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Dr. Giles's Blog

Reflections from Dr. C. Scot Giles, the Consulting Hypnotist and practice owner at Rev. C. Scot Giles, D.Min., LLC

Considering Swords

Charles Giles

I’m considering getting a new sword. That statement probably seems strange to those who do not know me personally, but friends and colleagues will understand.

I have been a martial artist most of my adult life. I hold multiple black belts in the Korean style of karate called taekwondo. When I was in active practice and teaching I was also the instructor for my school in the traditional weapons of ancient Japan and Korea. These are the Sai, the Sword, the Bo, the Nunchaku, the Manriki Chain, the Tonfa, Kobuton and Kama. If you are curious about these, look them up on Google or YouTube and you will get an eyeful.

My time as an active martial artist was very good for me. It was excellent exercise and I enjoyed teaching and making friends in the community. I take a lot of pride in developing personal precision and the ancient weapons were a great way to do that.

But time takes it’s toll. After one enters one’s 50s, sticking with karate can be a problem, especially a hard kicking style like taekwondo. The older skeleton doesn’t hold up as well as the younger one does, and most senior black belts move over to one of the grappling styles like Judo or into the traditional weapons as I did to prevent long-term injury.

When I retired from competition and teaching ten years ago I continued to practice with my favorite weapon, the classical Asian sword. I’ve studied many systems of traditional blade fighting and keep up with regular practice.

But it’s time for a new sword. Most of the training a swordsman does is with a perfectly balanced wooden sword called a “bokken.” I have a lovely set handmade by Kingfisher Bokken in Vermont (http://kingfisherwoodworks.com/) that I adore. I also have a real sword (called a "live blade”) made for me by Master Daniel Watson of Angel Sword when I first became a black belt many years ago (http://www.angelsword.com/). That sword has been my companion for almost thirty years now.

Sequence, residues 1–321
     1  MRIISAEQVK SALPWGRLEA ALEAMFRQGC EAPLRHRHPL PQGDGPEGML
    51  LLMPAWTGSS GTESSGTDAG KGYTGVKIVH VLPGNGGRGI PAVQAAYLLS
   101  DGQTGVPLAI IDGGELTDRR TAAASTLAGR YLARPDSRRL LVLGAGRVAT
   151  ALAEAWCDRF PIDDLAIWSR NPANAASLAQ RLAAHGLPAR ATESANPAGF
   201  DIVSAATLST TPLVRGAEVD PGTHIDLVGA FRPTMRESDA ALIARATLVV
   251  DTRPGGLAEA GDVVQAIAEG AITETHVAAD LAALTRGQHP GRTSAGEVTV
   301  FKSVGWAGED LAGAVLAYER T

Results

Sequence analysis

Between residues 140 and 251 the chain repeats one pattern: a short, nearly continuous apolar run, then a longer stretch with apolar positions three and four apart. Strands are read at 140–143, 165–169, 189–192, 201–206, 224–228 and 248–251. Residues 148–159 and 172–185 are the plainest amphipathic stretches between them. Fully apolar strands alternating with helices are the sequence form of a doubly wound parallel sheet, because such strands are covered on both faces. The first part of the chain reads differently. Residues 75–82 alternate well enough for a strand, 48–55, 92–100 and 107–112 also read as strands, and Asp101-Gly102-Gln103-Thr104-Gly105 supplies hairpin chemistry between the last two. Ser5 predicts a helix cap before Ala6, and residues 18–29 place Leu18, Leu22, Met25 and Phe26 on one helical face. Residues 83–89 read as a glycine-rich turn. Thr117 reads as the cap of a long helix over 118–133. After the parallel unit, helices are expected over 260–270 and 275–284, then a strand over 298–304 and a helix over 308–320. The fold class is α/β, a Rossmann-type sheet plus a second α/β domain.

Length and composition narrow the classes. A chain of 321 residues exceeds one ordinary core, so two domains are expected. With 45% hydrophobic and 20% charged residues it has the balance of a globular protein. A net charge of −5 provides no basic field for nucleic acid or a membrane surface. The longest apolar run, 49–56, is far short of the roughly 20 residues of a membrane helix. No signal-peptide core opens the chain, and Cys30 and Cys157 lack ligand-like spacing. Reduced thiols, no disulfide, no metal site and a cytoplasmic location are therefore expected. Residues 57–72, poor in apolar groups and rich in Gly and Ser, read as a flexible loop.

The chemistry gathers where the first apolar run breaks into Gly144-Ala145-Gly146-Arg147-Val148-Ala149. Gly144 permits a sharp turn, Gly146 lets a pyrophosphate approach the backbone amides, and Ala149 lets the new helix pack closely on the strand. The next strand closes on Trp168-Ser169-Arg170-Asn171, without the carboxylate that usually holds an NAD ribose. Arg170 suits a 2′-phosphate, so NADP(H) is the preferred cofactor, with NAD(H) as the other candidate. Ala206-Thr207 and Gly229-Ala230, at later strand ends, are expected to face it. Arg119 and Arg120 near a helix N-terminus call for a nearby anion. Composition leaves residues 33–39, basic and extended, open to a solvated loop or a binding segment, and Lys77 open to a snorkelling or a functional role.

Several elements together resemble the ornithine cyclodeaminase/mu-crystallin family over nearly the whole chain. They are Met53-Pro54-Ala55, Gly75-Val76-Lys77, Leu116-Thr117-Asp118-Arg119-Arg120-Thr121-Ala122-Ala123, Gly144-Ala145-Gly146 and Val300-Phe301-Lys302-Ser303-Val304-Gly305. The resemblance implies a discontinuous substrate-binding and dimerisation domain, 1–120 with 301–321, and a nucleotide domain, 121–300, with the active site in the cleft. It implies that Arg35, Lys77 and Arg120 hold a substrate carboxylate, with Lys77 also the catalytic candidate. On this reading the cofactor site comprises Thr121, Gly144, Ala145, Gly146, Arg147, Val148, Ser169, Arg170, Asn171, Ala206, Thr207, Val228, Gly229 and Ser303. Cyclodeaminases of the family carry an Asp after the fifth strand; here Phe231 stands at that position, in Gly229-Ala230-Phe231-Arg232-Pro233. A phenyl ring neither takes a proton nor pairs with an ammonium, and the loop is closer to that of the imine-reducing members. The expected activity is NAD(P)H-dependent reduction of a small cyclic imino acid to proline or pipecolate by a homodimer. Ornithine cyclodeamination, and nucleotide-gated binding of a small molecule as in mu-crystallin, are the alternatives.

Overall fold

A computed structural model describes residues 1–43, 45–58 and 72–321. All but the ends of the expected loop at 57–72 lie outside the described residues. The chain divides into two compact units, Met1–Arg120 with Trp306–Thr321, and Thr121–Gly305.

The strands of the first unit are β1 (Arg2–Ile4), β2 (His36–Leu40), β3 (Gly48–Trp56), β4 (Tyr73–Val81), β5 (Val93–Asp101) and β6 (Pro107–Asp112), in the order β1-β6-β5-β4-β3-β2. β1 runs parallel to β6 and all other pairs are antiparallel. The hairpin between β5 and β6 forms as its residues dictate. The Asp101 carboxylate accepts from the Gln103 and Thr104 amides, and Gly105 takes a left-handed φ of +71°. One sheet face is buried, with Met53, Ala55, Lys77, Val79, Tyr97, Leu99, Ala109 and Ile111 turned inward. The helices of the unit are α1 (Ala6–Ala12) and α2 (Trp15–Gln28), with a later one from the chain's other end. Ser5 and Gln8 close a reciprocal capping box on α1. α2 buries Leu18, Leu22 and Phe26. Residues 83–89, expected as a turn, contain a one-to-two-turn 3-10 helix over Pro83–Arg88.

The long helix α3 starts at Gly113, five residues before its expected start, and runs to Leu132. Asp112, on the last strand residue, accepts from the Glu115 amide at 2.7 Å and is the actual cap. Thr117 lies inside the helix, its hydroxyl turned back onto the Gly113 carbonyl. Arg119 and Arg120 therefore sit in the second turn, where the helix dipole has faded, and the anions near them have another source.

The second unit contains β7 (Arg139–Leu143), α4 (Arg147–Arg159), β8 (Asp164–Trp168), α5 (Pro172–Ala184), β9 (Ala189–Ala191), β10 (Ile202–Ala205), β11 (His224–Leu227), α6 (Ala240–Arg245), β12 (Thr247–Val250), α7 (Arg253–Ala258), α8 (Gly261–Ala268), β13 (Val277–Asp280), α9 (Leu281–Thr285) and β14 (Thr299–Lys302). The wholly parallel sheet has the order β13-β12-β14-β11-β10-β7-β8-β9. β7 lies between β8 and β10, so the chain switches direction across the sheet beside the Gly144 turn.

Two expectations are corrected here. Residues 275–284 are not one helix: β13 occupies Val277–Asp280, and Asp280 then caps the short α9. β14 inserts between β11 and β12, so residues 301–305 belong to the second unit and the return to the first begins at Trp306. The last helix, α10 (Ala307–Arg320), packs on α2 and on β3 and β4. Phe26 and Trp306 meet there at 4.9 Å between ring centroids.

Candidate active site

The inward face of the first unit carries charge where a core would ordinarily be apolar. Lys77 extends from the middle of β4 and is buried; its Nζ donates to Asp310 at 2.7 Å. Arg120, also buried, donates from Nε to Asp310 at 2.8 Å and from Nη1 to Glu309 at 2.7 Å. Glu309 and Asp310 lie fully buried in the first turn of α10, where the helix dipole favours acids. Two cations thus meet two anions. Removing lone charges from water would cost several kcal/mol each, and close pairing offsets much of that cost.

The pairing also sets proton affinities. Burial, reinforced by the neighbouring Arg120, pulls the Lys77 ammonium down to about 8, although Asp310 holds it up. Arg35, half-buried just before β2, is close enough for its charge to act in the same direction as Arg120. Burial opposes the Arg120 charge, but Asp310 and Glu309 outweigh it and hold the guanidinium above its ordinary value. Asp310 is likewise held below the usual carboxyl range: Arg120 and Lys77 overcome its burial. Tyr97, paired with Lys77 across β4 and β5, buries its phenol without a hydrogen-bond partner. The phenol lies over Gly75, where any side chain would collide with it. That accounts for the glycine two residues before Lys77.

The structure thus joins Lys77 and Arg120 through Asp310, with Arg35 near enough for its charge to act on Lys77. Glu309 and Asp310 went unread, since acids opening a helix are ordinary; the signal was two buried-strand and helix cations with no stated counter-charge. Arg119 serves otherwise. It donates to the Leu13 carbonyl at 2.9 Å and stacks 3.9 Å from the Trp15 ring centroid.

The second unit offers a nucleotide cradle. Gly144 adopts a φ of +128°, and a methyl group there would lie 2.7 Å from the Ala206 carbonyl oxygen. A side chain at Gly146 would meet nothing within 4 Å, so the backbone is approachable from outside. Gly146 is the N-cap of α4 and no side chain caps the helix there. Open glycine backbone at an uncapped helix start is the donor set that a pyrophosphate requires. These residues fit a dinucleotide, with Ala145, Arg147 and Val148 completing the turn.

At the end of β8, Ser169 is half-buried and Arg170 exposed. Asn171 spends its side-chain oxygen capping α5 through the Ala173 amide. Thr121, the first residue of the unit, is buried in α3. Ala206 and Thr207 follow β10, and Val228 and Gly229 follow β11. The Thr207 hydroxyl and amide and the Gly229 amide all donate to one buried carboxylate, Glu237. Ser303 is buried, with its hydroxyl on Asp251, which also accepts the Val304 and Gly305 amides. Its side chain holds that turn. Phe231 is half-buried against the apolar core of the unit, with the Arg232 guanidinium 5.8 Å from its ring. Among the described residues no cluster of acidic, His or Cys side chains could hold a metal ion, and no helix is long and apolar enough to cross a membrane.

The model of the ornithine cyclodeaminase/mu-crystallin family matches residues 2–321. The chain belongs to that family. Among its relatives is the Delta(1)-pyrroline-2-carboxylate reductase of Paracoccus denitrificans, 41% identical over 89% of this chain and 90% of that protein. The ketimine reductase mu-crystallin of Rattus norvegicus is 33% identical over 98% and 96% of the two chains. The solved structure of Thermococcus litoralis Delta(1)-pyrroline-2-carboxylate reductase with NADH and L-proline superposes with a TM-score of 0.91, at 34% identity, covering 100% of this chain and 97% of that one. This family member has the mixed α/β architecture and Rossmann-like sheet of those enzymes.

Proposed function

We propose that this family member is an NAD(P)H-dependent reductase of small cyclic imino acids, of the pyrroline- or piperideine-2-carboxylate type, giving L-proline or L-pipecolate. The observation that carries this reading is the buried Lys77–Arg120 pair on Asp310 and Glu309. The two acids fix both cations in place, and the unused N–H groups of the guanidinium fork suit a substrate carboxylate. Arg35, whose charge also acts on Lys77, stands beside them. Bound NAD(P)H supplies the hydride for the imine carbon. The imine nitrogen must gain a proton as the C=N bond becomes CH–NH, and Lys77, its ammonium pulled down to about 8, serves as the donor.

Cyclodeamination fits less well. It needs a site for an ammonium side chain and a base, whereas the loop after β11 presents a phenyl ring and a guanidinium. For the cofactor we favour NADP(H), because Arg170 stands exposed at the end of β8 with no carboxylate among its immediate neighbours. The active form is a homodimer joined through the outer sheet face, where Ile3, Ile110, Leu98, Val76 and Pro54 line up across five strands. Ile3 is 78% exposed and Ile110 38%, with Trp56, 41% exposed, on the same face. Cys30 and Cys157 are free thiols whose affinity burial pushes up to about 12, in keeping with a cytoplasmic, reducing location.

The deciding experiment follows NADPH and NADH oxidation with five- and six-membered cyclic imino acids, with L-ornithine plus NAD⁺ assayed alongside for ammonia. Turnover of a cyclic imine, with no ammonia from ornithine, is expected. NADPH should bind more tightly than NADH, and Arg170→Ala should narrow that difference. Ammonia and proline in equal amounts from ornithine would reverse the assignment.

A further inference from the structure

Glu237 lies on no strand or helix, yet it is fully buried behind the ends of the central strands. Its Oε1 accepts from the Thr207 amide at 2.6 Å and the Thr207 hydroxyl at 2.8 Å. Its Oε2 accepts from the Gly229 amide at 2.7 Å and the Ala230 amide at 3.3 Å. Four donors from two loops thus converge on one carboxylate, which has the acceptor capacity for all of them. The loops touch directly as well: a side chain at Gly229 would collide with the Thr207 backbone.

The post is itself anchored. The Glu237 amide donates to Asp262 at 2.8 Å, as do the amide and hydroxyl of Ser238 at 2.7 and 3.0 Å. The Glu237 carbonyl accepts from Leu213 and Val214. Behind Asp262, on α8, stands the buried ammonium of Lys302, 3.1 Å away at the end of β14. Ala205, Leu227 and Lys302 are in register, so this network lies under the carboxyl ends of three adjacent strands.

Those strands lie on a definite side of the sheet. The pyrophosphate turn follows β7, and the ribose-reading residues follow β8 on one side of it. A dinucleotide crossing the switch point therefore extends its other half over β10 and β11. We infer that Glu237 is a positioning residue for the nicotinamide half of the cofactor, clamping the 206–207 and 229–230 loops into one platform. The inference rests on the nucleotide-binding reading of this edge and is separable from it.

But there are issues. A sword made in traditional dimensions is fitted for a person who stands about five feet, three inches tall. That was the height of the typical samurai warrior as best we can determine from existing suits of armor. Most modern people are taller than that. 

A swordsmith can make a blade longer to accommodate the additional height of modern people, but doing that destroys the geometry of the weapon. Also, longer blades are more prone to shatter dangerously when used. 

If the smith reinforces a sword blade to make it shatter resistant, the resulting sword is so blade-heavy it can’t be precisely controlled. If the smith cuts holes in the blade to lighten it, you end up with a sword that doesn’t look like a classical sword and is very hard to clean. If you use a lighter steel alloy to make the blade, the result is a sword that doesn’t hold the razor edge one expects in an Asian sword. The list of problems goes on. 

After almost three decades of hard use my live blade is ready to be retired or completely rebuilt. It was made blade-heavy to accommodate my height, and the vibration from hitting blade-on-blade as weakened the fittings. Simply, it’s falling apart. Soon I will need a new sword for the next chapter of my martial arts career. 

Currently, I am talking to sword makers and thinking about what I want. There are lots of choices regarding design, style and steel. This will likely be the last sword I will own in my lifetime and I want to get it right.

My long-suffering wife is very tolerant when I talk to her about all this. I suspect she figures that sword fighting is a better hobby for me than golf, and my exploits are more interesting to listen to than semi-fictional accounts of hole-in-one golf shots. I hope so.